It's the last day of India’s flagship geopolitical conference Raisina Dialogue 2018, which commenced with the session titled 'Nuclear Unpredictability: Managing the Global Nuclear Framework'

Moderated by Dhruva Jaishankar, Senior Fellow in Foreign Policy Studies at Brookings India, the speakers discussed non-proliferation, cyber security, and Iran & North Korea in particular as rogue nuclear states.

Rory Medcalf, Head of National Security College at the Australian National University, stressed that dimensions of changing technology – from cyber threats to social media – need to be studied in the context of nuclear weapons to avoid calamity.

Feodor Voytolovsky, Director of the Primakov National Research Institute of World Economy and International Relations, made a case for understanding North Korea's position: When Kim Jong Un looks at what the US did in Libya and Iraq, he feels that nuclear weapons are the only way to guarantee his and his country's safety.

Voytolovsky defended Russia's role against accusations that it hadn't been cooperative in disarmament efforts by saying that when Russia did try to help, it was stymied by the US.

But Wendy Sherman, Senior Counselor at the Albright Stonebridge Group, hit back at Voytolovsky, saying that Russian claims to be helping are fatuous, and reminded him sharply that Russia had signed UN resolutions to put sanctions on Iran, and it must enforce them.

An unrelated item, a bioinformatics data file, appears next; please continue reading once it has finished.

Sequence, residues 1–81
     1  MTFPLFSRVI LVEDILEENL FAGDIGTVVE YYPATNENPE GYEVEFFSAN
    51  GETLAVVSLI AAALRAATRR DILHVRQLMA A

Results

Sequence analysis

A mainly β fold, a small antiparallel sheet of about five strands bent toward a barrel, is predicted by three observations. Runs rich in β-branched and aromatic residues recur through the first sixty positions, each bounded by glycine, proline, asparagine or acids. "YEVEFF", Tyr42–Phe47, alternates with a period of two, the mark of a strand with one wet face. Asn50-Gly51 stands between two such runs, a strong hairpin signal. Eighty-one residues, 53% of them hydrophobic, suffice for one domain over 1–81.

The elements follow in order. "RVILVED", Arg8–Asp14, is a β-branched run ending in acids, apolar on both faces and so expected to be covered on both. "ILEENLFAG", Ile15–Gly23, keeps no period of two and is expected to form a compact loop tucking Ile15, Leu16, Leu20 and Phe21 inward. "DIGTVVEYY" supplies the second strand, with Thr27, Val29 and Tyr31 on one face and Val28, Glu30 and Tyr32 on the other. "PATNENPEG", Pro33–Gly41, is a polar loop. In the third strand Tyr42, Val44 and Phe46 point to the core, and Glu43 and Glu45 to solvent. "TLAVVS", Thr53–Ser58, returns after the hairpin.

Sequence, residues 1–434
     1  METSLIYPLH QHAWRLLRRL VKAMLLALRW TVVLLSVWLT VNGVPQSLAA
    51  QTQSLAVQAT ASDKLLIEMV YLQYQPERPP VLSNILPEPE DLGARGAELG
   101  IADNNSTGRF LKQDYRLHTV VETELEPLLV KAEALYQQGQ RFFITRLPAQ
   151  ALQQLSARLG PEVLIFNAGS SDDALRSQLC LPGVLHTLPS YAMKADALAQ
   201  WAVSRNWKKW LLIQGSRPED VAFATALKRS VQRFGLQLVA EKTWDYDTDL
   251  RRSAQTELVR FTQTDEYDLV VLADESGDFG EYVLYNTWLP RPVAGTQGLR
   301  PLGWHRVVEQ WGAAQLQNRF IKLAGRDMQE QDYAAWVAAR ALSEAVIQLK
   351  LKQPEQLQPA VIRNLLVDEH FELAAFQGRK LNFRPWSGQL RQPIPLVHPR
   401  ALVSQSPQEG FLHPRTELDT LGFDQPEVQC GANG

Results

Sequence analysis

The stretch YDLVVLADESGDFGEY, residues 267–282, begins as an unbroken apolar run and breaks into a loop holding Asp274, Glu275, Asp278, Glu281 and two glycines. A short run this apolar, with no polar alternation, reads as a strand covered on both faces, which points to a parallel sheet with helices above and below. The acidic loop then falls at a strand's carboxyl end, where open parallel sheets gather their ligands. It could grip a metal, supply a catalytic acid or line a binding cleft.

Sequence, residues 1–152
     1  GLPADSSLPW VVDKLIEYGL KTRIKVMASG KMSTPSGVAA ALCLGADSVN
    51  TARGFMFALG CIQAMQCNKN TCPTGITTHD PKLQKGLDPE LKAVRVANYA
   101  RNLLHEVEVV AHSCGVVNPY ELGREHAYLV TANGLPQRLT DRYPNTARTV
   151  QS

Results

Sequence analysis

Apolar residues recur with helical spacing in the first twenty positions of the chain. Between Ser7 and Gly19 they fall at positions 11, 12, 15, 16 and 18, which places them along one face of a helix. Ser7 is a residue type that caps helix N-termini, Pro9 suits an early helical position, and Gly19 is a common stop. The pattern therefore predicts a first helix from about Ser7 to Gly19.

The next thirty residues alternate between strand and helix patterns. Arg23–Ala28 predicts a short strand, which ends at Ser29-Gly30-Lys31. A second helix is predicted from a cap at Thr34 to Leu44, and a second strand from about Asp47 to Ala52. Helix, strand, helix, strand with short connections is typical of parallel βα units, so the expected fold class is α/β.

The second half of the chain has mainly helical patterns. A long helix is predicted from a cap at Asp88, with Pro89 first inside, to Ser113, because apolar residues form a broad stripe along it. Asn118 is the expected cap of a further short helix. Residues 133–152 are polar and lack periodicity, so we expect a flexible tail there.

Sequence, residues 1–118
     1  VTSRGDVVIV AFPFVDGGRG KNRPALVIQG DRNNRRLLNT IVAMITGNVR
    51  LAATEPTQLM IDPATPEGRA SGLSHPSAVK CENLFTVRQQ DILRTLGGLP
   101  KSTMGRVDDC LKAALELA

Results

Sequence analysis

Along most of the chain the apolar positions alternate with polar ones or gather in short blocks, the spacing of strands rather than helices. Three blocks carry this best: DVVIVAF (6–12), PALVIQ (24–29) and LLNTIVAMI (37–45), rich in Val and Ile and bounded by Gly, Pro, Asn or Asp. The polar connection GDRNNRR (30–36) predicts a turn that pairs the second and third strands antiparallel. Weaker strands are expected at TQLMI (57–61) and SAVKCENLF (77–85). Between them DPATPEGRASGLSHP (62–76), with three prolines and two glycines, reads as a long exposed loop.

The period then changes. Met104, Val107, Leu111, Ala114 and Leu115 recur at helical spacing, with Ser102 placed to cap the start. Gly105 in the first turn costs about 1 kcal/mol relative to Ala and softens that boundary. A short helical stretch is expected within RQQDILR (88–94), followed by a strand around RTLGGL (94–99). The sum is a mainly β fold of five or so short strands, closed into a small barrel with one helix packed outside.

Shen Dingli, Professor at Fudan University, made similar arguments against the US. China had kept its arsenal small and refrained from technologically advancing, despite having the capability, because it hoped for eventual disarmament, he said. But in the face of America enlarging its own arsenal and failing to negotiate disarmament, China was forced to ramp up its own nuclear ambitions.

But Shen Dingli said that global no-first-use policies and disarmament talks are the need of the hour, and everybody needs to come to the negotiating table. He stressed that China is ready and is a “comrade” of America when it comes to the denuclearisation of North Korea.

Dingli added that if the US were to act like a global power and negotiate with North Korea without the precondition of denuclearisation, it could push Kim Jong Un to get more and more nuclear weapons.